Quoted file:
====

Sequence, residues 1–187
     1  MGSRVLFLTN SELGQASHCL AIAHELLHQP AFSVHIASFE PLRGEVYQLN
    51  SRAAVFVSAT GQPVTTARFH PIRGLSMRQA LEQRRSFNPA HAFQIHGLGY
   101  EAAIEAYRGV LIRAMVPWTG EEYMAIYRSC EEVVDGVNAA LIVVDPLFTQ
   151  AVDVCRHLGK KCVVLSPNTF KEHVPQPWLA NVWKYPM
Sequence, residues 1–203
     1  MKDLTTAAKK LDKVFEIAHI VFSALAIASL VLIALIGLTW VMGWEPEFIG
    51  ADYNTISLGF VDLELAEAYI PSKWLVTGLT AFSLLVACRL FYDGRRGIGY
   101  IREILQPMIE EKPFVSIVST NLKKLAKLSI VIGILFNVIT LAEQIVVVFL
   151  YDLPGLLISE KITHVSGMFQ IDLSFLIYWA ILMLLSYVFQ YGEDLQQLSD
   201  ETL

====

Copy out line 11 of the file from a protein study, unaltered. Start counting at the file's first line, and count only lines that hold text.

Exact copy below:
   201  ETL